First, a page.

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    ABSTRACT: Iron-deficiency anaemia (IDA) is a common health problem in rural women and young children of Bangladesh. The university students usually take food from residential halls, and the food value of their diets is not always balanced. This cross-sectional study was conducted to estimate the prevalence of iron deficiency anaemia among the university students of Noakhali region, Bangladesh. Haemoglobin level of 300 randomly-selected students was measured calorimetrically, using Sahli’s haemoglobinometer during October to December 2011. Statistical analysis was done by using SPSS software for Windows (version 16) (SPSS Inc., Chicago, IL, USA). In the study, 55.3% students were found anaemic, of whom 36.7% were male, and 63.3% were female. Students aged 20-22 years were more anaemic (43.4%) than other age-groups. Majority (51.3%) of male students showed their haemoglobin level in the range of 13-15 g/dL, followed by 26.0% and 21.3% with 10-12 g/dL and 16-18 g/dL respectively. Although 50.5% anaemic and 51.1% non-anaemic female students showed normal BMI—lower percentage than anaemic (60.7%) and nonanaemic (71.9%) male students, the underweight students were found more anaemic than the overweight and obese subjects. Regular breakfast-taking habit showed significant (p=0.035, 95% CI 0.5-1.0) influence on IDA compared to non-regular breakfast takers. Consumption of meat, fish, poultry, eggs, or peanut butter regularly; junk food; multivitamins; and iron/iron-rich food showed insignificant (p=0.097, 95% CI 0.5-1.1; p=0.053, 95% CI 1.1-2.3; p=0.148, 95% CI 0.6-1.2; and p=0.487, 95% CI 0.7-1.4 respectively) role in provoking IDA. In the case of non-anaemic subjects, all of the above parameters were significant, except the junk food consumption (p=0.342, 95% CI 0.5-1.2). Our study revealed that majority of university students, especially female, were anaemic that might be aggravated by food habit and lack of awareness. The results suggest that anaemia can be prevented by providing proper knowledge on the healthful diet, improved lifestyle, and harmful effect of anaemia to the students.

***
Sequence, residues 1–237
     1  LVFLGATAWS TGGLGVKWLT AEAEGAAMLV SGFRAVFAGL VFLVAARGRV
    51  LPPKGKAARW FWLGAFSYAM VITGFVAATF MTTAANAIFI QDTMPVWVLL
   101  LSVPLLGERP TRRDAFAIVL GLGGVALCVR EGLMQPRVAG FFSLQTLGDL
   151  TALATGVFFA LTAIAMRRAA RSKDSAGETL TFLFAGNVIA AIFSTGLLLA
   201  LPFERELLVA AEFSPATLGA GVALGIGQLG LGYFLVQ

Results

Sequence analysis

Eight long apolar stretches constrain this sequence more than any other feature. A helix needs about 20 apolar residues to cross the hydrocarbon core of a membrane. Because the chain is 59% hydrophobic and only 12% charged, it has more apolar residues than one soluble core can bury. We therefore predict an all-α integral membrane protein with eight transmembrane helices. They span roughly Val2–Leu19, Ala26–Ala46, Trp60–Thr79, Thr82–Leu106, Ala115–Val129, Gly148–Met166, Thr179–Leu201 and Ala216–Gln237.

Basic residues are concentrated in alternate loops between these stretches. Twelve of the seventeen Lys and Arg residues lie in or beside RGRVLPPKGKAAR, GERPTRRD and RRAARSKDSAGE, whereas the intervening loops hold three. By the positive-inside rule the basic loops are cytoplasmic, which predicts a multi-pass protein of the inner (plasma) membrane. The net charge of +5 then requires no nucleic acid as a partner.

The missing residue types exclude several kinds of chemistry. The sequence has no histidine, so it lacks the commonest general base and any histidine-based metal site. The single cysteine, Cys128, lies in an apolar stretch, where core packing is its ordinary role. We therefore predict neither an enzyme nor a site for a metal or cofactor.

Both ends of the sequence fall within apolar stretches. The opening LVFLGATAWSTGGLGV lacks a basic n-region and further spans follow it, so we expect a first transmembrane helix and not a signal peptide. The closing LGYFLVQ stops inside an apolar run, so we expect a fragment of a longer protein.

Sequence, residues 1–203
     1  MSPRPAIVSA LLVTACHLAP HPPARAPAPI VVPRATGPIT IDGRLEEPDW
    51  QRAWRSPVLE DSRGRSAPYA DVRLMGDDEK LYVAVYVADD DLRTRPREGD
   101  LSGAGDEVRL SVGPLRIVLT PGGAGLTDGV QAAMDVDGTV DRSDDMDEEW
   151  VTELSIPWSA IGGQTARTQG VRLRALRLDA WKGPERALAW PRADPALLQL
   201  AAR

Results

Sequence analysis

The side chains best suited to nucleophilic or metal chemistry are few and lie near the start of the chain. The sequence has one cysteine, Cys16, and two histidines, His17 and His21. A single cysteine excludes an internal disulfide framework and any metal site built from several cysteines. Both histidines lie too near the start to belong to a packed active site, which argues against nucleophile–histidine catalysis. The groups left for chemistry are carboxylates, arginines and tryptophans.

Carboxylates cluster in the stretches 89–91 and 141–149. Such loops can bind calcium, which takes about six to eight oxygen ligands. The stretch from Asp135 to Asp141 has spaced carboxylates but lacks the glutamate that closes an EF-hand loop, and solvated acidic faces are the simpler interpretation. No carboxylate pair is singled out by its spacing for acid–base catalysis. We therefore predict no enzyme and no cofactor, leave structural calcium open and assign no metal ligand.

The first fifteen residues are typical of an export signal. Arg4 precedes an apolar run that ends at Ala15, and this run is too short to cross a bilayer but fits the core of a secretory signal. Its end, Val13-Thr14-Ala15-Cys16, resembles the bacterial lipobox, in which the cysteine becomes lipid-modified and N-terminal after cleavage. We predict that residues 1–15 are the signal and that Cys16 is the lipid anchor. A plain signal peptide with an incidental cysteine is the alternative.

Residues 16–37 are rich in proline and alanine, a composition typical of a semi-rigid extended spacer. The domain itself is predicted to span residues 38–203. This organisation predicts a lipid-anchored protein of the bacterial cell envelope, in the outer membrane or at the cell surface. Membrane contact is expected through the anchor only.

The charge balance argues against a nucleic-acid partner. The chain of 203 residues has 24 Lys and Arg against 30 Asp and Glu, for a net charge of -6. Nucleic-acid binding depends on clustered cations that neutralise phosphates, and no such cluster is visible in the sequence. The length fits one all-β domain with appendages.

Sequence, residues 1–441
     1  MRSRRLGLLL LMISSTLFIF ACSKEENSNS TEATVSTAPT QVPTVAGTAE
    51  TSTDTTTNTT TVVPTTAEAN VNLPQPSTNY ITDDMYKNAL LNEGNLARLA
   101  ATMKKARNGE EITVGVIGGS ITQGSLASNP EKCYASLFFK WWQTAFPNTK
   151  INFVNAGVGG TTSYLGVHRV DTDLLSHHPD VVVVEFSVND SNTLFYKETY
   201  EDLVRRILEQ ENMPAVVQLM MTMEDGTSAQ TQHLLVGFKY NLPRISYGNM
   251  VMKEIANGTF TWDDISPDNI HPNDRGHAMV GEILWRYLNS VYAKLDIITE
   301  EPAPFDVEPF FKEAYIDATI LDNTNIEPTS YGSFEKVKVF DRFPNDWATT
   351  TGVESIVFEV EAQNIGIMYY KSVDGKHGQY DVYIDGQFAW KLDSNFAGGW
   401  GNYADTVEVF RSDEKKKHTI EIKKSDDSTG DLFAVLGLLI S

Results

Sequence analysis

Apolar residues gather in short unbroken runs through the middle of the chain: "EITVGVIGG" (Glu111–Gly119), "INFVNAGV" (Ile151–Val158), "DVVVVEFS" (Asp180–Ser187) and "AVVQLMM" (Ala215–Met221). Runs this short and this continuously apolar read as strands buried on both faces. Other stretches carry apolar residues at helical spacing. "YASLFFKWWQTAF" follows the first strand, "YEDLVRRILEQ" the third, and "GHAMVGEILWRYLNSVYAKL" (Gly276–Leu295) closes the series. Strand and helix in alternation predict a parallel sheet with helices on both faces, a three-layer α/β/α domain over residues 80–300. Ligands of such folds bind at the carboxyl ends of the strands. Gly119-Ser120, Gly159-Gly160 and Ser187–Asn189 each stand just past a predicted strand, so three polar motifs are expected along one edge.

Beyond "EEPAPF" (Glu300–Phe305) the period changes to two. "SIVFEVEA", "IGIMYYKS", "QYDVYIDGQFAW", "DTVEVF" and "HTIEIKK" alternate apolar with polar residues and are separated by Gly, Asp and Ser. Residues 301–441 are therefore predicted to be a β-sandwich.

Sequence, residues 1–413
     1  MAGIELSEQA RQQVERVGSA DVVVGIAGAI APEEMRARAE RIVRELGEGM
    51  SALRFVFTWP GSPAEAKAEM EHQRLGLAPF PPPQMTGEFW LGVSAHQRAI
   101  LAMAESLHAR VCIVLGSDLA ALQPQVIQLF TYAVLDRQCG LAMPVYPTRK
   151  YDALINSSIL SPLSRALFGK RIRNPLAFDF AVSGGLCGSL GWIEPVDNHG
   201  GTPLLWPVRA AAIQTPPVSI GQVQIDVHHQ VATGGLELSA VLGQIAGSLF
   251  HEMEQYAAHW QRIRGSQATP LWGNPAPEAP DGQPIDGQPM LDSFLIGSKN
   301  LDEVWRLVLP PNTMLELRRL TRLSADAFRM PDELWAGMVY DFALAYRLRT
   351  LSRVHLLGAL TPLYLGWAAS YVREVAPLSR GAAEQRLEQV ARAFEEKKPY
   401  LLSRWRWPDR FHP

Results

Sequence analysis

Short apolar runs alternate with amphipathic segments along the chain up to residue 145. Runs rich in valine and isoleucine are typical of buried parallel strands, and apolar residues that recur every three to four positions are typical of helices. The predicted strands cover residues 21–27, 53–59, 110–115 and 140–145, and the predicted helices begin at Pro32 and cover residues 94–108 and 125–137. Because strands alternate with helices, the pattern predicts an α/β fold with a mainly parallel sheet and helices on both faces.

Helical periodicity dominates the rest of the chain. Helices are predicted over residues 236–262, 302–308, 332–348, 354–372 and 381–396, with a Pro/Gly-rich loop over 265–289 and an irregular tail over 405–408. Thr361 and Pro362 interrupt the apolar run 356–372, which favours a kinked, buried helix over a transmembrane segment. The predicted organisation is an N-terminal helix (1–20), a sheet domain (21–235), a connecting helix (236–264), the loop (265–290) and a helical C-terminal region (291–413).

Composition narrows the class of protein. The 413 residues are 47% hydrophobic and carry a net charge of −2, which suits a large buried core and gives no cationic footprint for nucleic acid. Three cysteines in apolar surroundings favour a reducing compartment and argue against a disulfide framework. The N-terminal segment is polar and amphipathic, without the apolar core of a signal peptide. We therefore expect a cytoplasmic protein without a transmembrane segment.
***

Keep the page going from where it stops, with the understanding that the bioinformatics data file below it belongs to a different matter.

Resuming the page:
Journal of Health Population and Nutrition 03/2014; 32(1):103-110. · 1.04 Impact Factor